“It’s not what we do once in a while that shapes our lives. It’s what we do consistently.” Anthony Robbins
Several years ago, I decided I wanted to participate in an adventure race. These are grueling events that take place in the wilderness. Contestants are given a series of coordinates that they must get to by hiking, biking, white water rafting, or some other self propelled method. The one I wanted to do was a day long event that traversed 50 miles through the Rockies.
I have a bit of an adventurous heart when it comes to physical activities but I’m no high performance athlete. My biggest problem is that my mind is always trying to cash checks that my body can’t fulfill. This adventure race was a bit of a pipe dream for me because when I first started training, I couldn’t even run a mile. I was grossly out of shape and weighed a fair amount more than my recommended BMI. My wife and I had 4 kids in less than 7 years and while my wife was still the same weight she started at, I had gained a good 10 pounds for each of my kids.
I had tried to get in shape over the course of those seven years of building our little family and injured myself several times. You see, I tend to approach things with real intensity. I get all fired up and I want to see my dream happen almost immediately. I will go out and run 4 miles off the cuff. It may almost kill me, but I don’t waste time dithering around. At least that’s what I tell myself when I start something new. Hence, the injuries. After spending months Netflix binging, I get off the couch and promptly run myself to the point of injury. Then I find myself back on that couch trying to find a new binge worthy series while I recover. A perfect recipe for destroying all my motivation and stopping me from doing what I really want.
After injuring myself many times, I finally listened to my wife when she said, “Take it slow. Pace yourself.” Good advice from a person who always seems to accomplish whatever she sets her mind to. I didn’t like the advice, because I don’t like doing anything slow. But I determined to make an attempt.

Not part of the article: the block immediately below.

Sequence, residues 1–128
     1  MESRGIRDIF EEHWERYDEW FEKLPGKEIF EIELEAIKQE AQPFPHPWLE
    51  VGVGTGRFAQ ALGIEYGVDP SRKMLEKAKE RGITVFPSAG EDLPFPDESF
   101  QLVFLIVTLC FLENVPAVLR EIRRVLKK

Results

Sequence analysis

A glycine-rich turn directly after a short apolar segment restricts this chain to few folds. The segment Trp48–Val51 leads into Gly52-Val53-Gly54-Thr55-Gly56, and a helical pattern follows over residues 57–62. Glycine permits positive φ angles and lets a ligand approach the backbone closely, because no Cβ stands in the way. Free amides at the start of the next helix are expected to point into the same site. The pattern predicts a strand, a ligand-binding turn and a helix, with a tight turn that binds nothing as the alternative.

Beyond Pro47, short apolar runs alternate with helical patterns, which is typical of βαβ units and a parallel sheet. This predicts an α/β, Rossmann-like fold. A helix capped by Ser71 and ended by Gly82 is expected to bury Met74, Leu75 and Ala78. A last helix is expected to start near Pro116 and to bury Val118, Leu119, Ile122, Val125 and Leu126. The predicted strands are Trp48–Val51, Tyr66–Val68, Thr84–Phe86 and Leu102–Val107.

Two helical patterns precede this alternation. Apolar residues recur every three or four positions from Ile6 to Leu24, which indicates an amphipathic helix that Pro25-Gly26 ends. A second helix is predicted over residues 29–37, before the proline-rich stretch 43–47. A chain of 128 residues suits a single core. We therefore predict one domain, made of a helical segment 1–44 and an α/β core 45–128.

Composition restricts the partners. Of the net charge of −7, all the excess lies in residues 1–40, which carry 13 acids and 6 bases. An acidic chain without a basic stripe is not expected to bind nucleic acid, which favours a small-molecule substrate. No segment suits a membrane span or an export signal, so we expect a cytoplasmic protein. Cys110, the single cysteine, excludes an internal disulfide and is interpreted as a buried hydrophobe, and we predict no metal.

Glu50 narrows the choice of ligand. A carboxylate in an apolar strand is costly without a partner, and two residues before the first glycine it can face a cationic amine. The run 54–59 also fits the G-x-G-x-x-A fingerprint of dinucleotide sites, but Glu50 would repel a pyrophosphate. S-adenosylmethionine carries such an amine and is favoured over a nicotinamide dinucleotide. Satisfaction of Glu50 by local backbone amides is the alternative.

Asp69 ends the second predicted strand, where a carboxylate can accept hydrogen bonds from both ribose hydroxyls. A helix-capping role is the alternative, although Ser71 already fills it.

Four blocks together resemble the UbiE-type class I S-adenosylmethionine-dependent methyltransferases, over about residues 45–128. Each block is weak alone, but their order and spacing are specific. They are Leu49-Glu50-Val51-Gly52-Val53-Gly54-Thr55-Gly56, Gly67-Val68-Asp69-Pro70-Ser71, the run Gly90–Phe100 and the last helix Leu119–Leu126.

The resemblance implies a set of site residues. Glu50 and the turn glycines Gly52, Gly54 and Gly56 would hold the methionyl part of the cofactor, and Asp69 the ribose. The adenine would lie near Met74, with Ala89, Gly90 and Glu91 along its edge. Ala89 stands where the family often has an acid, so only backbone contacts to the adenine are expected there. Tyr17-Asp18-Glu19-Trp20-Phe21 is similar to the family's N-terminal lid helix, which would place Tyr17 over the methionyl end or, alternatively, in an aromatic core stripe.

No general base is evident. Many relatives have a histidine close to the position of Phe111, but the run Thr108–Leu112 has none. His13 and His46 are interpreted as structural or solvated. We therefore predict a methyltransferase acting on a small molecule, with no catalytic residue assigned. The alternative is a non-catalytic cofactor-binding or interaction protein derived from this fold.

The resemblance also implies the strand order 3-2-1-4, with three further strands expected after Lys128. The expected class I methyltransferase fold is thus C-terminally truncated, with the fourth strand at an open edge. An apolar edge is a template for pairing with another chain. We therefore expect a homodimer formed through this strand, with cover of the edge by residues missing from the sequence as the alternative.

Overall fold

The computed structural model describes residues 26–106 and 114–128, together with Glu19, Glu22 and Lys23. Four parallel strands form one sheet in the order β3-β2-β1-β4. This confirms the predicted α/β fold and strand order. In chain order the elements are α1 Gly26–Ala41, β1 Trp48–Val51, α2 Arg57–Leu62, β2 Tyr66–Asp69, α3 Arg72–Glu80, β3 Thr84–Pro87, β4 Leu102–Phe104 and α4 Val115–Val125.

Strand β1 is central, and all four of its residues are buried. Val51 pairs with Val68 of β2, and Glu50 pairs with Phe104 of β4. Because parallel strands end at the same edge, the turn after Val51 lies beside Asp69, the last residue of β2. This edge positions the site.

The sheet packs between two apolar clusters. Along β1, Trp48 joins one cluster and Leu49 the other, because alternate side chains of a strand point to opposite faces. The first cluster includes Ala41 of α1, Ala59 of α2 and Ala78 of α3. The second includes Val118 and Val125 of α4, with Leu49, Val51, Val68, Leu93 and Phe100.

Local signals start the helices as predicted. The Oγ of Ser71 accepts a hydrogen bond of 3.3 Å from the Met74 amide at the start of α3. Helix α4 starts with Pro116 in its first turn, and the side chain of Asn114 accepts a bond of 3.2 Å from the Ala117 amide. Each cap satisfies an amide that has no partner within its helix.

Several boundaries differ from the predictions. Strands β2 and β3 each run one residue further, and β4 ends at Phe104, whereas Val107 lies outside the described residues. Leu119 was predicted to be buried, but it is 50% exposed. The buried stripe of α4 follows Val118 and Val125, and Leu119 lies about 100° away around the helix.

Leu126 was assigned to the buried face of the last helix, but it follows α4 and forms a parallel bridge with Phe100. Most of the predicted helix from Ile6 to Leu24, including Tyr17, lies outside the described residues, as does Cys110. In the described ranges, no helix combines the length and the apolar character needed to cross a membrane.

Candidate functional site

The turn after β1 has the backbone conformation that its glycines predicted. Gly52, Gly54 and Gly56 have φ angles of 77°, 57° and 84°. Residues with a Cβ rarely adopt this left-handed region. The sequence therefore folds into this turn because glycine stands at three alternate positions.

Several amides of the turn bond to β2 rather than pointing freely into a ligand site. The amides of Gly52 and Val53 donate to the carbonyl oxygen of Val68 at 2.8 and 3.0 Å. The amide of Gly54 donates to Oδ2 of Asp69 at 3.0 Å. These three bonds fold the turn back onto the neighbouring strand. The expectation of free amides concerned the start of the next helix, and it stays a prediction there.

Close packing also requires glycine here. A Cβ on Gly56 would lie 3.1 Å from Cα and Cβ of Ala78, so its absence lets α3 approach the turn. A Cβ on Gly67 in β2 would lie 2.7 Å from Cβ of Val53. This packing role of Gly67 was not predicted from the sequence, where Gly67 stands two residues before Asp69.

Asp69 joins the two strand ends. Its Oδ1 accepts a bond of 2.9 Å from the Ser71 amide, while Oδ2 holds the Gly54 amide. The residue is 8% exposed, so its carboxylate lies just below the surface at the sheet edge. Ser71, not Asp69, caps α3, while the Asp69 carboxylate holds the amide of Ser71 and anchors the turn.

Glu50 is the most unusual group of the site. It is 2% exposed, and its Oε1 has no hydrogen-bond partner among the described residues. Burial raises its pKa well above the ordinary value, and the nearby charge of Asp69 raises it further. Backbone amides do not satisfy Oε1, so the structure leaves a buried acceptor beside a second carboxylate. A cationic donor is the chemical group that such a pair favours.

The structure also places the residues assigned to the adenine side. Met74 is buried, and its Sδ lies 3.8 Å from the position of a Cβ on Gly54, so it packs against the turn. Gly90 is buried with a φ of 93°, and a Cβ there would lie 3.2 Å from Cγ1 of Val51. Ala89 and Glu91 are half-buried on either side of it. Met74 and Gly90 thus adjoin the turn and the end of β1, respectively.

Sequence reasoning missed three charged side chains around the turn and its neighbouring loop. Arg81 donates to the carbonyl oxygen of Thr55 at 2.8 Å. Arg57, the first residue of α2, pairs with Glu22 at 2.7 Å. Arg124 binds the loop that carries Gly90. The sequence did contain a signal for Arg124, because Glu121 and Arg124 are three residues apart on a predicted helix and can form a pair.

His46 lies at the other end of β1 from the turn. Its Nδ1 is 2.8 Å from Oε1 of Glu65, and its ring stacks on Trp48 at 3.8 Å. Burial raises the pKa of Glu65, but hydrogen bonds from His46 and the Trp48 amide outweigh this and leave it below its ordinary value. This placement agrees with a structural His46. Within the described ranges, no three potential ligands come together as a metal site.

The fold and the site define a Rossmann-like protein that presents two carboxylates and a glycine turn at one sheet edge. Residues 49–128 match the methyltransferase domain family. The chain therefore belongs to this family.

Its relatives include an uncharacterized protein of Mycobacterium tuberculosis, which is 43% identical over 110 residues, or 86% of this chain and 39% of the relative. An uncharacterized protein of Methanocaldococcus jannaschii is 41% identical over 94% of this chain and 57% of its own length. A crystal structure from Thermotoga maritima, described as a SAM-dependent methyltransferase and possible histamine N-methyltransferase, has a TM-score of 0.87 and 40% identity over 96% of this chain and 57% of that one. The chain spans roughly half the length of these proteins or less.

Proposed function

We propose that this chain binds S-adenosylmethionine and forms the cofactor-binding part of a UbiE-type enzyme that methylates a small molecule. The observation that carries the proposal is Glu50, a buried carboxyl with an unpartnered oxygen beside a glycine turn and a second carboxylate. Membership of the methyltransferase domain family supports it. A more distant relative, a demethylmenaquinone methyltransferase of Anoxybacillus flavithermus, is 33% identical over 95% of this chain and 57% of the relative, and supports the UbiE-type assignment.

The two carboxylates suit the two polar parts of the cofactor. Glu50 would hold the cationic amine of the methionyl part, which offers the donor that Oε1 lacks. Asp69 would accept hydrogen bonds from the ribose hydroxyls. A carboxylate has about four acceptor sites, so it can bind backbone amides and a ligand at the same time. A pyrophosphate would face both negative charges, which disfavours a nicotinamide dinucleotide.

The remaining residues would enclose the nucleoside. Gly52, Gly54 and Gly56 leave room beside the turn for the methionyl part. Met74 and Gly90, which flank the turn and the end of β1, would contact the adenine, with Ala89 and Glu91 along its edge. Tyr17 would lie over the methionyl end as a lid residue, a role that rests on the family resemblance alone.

My first work out was nothing more than a brisk 1 mile walk. I pumped my arms really hard to make it feel like I was running. The progress was slow and painful (physically and emotionally), but I didn’t get injured. Slowly but surely I began to gain some momentum. I quit trying to measure my pace with that of other joggers who seemed faster and fitter than me. Instead I compared what I did each day to what I had done the day before. It was incredible to see the progress. In the end it took me 2 years to get a level of fitness that would allow me to complete my first adventure race. I was so pleased with my accomplishment that when I crossed the finish line, very near last place, I was overcome with emotion. By pacing myself, harnessing my own emotions, and reigning in my own desire to achieve quickly, I had actually done the impossible.
Each of us has our own pace. There will always be people who are better, faster, thinner, or smarter than you. Ignore them, they don’t matter. What matters is how you see yourself. Don’t compare yourself to others. Find your own pace for whatever it is you are trying to accomplish. Moderate your approach. As you slowly improve, your success at whatever you are doing will dictate your pace. Too many of us go out, guns a’ blazing, and we lose our steam, or get injured, or give up because we cannot maintain the intensity that we start with. True accomplishment comes from incremental consistent effort. Pacing takes patience but it will get you to places you only dream of.